AEG Lawsuit Against Young Thug Postponed One Year As Rapper Awaits Criminal Trial On Gang-Related Charges

Young Thug denied bond RICO case
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Young Thug denied bond RICO case
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Photo Credit: Frank Schwichtenberg / CC by 3.0

Back in late December of 2020, AEG sued Young Thug (full name Jeffery Lamar Williams) over an alleged breach in performance exclusivity. Now, the lawsuit has been postponed by one year due to an ongoing criminal trial against the rapper.

AEG’s complaint against Young Thug was originally set to head to trial on Tuesday, October 25th, 2022, but the presiding judge has officially pushed this start date – along with the case’s other deadlines – back by a year, the corresponding order shows. (Though the delay just recently entered the media spotlight, Judge Virginia A. Phillips actually issued said order on July 29th.)

According to the updated schedule, the AEG-Young Thug legal showdown’s discovery is expected to wrap on Tuesday, September 5th, 2023, with a pretrial conference slated for Monday, October 16th, 2023, before the trial proper initiates on Tuesday, October 24th, 2023.

Meanwhile, Young Thug remains jailed in his native Georgia ahead of a January trial for the initially mentioned criminal charges.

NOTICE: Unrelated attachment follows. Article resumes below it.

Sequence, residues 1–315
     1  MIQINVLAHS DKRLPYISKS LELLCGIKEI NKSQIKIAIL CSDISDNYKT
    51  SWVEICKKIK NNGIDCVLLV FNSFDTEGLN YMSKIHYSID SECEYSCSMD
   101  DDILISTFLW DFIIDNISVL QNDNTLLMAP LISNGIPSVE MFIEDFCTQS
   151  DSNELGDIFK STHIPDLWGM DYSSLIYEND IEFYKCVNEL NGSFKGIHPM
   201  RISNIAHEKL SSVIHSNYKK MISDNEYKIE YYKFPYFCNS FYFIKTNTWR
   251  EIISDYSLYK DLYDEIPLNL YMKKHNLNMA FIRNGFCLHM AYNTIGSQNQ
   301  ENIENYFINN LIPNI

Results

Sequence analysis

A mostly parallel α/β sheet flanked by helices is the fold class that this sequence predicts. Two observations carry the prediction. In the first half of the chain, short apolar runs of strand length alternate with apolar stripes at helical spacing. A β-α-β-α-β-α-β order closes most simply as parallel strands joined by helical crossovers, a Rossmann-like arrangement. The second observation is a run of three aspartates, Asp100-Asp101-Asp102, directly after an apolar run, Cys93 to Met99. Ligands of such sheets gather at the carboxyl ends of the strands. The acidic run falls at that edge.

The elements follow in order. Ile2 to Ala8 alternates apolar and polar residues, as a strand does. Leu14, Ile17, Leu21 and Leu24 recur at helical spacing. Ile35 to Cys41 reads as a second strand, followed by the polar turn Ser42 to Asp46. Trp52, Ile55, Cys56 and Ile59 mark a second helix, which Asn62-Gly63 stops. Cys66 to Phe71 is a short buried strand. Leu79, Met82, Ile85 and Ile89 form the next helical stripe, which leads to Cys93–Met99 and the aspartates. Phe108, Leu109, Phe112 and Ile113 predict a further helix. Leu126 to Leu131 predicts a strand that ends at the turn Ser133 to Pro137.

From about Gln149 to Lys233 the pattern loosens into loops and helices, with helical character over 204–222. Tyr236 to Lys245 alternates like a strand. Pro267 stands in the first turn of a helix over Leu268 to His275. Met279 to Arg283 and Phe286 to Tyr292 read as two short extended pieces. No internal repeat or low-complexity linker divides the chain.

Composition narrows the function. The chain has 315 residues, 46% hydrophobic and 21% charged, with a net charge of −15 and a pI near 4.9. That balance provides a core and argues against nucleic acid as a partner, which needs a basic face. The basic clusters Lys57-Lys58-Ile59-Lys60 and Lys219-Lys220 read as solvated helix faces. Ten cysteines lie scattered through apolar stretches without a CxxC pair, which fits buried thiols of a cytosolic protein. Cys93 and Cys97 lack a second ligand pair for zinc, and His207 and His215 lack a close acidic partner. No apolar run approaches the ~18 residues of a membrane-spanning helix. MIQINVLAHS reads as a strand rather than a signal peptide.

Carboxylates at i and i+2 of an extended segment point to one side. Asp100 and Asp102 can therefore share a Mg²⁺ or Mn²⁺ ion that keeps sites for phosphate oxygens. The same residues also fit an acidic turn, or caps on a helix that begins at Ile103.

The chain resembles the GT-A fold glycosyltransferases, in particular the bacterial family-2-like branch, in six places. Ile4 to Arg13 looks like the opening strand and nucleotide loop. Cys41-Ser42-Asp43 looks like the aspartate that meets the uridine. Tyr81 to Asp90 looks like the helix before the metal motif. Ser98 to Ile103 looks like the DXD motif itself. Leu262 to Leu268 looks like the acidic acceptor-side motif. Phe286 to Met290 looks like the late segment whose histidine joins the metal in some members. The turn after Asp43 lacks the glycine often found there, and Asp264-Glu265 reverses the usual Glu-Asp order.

The criminal case’s own presiding judge last week denied the 31-year-old artist bond for the second time; Young Thug was arrested on a number of gang-related charges, including attempted murder and armed robbery, in May of 2022.

Back to the civil action, however, AEG maintained in the original suit that Young Thug had failed to cough up approximately $6 million in owed payments stemming from a pair of concert-promotion agreements.

The lion’s share of the allegedly due compensation derived from the latter of these contracts, which AEG stated Young Thug and his YSL Touring company had signed in 2017, thereby granting the promoter “the exclusive right to promote concert performances by Mr. Williams throughout the world for a stated term.”

As part of the pact, AEG forwarded YSL a $5.25 million advance, per the original complaint, whereas YSL is said to have approved a promissory note for the same amount, and Young Thug himself purportedly lent his signature to a “guaranty.”

Predictably, given the years-running lawsuit, AEG likewise indicated that Young Thug and his company had “immediately failed and refused to honor their respective obligations” under the 2017 contract, including by “disregarding AEG’s rights, performing concerts without AEG’s involvement, and retaining all proceeds [north of $360,000] generated therefrom.”

Making the less-than-ideal situation even more trying for Young Thug, the “Go Crazy” artist allegedly agreed to pay a substantial amount of interest (which is presumably still accruing) on the unpaid balance and to put up as collateral his ultra-valuable copyrights.